poof, are you?" asked the judge half-seriously.
"No," I replied,
"but I work among professors of education, the queerest, most
emotionally twisted, most vindictive bunch of back stabbers you'll
find anywhere, and I wouldn't let my colleague Willy get a step up on
me, not that I don't trust him. But who knows? I have to work among
people I would not invite to dinner."
"Well said, young
In five minutes Willy came
back to the verandah, zipping up his short pants. "Wow! You
oughta try that little pistol!" he breathlessly said to me.
time," I said, sharing his relief.
It is no sin to sin in
secret. And to this day I have kept Willy's fornication sinless. If
anyone deserved Amina's favors, it was Willy.
* * * *
The 26th of June, 1960 was
the day of independence of Somaliland from Britain, and the 1st of
July the day of independence of Somalia from Italy. Later the 27th of
June was to mark the independence of Djibouti from France. Such
diversity suits Somalia very well. Now they can quarrel over which
date to use as the national holiday. In the North in 1967, the 26th of
June was the holiday. There was to be a grand parade of the army units
in Hargeisa, with President Shermaarke reviewing the troops.
It fell on a Thursday,
which meant that we had a long weekend ahead of us, the weekend
usually being only Friday, the Muslim holy day. Fabian stopped by the
hotel after dinner and was happy to drink a beer with us. He had come
to Hargeisa from Aden to hear the confession of the local Roman
Catholic Englishman who said Mass at the tiny Anglican church with the
assistance of the Anglican priest, and to cheer him on, his
congregation numbering only six people. Anyone who believes in magic
may say Mass, according to Ephesians 4: 11-13, and even
"a layman may ordain a Bishop," Cranmer wrote. Vatican II
was having an effect in Africa, although Fabian could not get a visa
to go to Ethiopia because the Christians there were all Copts.
We gathered there in the
hotel bar to hear Fabian's version of the attack in Aden the week
before. Bwana Don and Bill had already left for Marsabit to start
their safari among the Turkana. Of course, Mitford, Tony, Mick, and
Farley had heard in detail about our experiences, so Fabian's story
added to the points for discussion of which group of revolutionaries
might be behind the violence.
The next morning we found
our friends Mick and Tony on the street waiting for the parade and
enjoying watching the crowds of people. They had agreed to join us for
lunch at the Indian restaurant after the parade. It seemed the entire
local population and villagers from nearby were there, and nomads had
come for quite great distances to celebrate Independence Day. Many
weddings had been scheduled for that morning, with dancing and singing
the popular Somali pentatonic melodies on the street, like a child
playing on the black keys. Occasional rifle fire in the air marked the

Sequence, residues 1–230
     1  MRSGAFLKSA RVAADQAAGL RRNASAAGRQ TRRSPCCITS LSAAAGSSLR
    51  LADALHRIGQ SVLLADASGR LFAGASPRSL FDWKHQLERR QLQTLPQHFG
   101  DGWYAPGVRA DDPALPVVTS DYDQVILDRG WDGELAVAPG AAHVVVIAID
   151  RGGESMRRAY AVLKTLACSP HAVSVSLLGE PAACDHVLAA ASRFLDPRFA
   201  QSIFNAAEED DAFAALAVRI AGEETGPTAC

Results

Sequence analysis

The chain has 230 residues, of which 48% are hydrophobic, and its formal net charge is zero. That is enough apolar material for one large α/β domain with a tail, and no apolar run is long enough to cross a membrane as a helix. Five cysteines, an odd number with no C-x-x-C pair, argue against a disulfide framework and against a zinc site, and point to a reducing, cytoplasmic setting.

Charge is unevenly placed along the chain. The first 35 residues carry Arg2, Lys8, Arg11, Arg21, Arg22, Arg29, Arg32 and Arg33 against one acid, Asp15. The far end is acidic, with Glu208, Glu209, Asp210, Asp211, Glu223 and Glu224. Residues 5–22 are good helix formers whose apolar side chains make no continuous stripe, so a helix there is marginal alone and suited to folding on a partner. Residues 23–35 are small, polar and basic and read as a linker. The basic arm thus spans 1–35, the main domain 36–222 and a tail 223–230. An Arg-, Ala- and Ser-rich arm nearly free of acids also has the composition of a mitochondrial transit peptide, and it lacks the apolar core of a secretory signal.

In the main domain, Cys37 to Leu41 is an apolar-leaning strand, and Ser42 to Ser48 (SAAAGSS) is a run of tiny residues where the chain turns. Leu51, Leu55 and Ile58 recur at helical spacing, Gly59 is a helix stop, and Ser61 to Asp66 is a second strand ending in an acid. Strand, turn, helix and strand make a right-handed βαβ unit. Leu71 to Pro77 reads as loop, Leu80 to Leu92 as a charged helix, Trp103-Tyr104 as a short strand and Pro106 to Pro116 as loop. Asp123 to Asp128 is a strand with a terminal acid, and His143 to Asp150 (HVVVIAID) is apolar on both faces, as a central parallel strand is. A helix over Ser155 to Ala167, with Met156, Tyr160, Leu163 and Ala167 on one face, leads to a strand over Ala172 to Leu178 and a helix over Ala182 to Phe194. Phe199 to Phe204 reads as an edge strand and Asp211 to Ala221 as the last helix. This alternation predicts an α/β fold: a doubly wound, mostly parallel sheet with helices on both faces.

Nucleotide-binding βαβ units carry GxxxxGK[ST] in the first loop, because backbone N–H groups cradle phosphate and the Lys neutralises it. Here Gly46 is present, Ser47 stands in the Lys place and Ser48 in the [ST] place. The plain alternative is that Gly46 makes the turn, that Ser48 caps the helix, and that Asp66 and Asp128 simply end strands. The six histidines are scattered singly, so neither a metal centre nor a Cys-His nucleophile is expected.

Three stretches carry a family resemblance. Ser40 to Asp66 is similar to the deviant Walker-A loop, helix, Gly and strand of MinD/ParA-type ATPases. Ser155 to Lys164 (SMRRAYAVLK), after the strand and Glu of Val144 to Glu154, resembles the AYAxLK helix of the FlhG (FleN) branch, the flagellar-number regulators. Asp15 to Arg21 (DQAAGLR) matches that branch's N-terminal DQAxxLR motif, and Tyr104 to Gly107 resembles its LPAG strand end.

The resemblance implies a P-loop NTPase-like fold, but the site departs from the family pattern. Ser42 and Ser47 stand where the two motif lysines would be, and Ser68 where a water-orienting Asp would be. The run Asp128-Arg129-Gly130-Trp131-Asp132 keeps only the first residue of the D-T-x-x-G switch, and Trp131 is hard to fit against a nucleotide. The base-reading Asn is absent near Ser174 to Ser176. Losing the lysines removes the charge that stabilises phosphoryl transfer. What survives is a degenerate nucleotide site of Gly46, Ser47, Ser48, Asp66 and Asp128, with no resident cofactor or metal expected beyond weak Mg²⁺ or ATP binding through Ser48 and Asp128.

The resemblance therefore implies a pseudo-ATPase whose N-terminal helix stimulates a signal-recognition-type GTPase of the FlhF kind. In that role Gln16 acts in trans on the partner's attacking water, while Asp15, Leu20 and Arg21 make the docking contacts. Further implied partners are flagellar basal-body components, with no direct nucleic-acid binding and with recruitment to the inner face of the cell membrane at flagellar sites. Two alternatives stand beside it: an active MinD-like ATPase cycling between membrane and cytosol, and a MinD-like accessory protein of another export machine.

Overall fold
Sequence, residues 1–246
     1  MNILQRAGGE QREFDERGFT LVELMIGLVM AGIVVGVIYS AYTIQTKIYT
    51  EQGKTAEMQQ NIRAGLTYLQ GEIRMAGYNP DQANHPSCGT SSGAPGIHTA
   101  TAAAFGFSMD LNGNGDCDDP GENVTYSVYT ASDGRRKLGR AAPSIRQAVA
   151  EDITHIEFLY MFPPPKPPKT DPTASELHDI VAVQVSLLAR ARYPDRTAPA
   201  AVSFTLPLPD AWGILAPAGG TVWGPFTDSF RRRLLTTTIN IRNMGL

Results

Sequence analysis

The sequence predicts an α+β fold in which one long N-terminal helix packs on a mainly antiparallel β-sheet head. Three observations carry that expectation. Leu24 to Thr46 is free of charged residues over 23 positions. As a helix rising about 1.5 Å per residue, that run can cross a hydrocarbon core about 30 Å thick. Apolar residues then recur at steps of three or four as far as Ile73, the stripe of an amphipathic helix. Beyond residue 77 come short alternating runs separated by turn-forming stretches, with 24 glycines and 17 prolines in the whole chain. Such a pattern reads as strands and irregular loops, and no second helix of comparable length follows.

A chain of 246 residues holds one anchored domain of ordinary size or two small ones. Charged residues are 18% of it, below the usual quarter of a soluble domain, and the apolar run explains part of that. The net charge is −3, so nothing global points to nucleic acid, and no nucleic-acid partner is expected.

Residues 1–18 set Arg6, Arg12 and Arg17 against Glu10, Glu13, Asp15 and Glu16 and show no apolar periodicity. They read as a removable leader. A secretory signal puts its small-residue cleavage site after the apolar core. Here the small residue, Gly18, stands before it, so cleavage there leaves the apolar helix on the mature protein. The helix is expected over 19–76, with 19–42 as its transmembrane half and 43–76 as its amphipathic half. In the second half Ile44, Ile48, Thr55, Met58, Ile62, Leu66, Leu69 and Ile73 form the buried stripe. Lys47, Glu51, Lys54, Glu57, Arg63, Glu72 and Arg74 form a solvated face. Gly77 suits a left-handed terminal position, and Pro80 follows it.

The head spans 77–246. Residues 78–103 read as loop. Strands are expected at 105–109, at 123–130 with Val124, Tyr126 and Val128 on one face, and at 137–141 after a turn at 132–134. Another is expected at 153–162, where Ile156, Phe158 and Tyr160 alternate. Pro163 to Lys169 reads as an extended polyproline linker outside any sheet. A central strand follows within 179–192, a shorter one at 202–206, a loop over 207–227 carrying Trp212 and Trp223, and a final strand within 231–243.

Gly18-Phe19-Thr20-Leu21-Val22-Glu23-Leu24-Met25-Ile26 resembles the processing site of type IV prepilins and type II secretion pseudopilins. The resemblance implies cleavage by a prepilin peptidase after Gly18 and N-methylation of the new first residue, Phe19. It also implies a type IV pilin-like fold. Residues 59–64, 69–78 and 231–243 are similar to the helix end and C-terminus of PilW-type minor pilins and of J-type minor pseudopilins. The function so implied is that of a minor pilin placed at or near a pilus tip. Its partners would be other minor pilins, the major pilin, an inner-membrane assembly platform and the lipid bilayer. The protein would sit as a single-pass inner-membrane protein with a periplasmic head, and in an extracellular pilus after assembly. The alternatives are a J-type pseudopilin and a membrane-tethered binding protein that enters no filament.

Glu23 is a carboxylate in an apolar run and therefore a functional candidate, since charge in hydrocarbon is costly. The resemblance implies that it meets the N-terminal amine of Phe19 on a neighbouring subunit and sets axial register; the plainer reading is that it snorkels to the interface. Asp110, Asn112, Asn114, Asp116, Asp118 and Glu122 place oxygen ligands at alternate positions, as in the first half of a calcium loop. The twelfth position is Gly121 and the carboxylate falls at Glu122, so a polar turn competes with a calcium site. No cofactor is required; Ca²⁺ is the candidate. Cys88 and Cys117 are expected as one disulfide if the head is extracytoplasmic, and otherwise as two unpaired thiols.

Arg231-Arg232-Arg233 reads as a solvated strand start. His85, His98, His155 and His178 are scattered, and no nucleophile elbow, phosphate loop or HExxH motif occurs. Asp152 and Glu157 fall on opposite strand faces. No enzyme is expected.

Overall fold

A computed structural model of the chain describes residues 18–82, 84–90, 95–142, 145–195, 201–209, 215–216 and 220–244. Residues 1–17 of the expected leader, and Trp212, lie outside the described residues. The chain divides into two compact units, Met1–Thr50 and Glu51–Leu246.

end of a wedding when the bride was led away by the husband's women
for disinfibulation. Guns were not allowed at public meetings, for
Song" could be heard everywhere: "Manta, manta,
manta, waa malin weyne manta," today, today, today is day
big today, up and down the five-tone scale. The women wore their gold
jewelry openly, as is the custom. It is just as risky there to steal
jewelry as it is chastity. They wear colorful, long, billowing dresses
with petticoats, and the hijab or scarves. Nearly everyone,
men and women, usually wear the toob, a giant shirt without a
collar. But on special occasions they put on their finery. Nomads were
there in their ma-awis kilts, all with knives in their belts,
and a few carrying long spears. Men wear pants and shirts with shawls,
and turbans or embroidered caps, koofiyad. Somalis talk to
each other with exaggerated gestures, their hands twisting and fingers
A temporary reviewing
stand had been erected across the street from the hotel in the middle
of the city. When President Shermaarke arrived in one of three
Mercedes automobiles preceded and followed by policemen and soldiers
on motorcycles, to take his place on the stand, a great ululation
arose, starting down the street and following the motorcade along.
Policemen in blue and soldiers in khaki were protecting and guarding
the president, perhaps against each other. Shermaarke was to last
another 10 years as president.
It was there on the
sidewalk in front of the hotel, one of the two sidewalks in Hargeisa,
that we met Foka's wife Klavdia and his body guard, Salim, a Syrian
When they ran into us on
the street, Foka exclaimed to her "Here my friends,"
delighted to see someone he had met before. The Russians did not mix
with the other Europeans, except on the rare opportunity.
I put on my best Russian,
which I had learned from my father's parakeet when he was learning
Russian in order to translate patents from Russian into English. He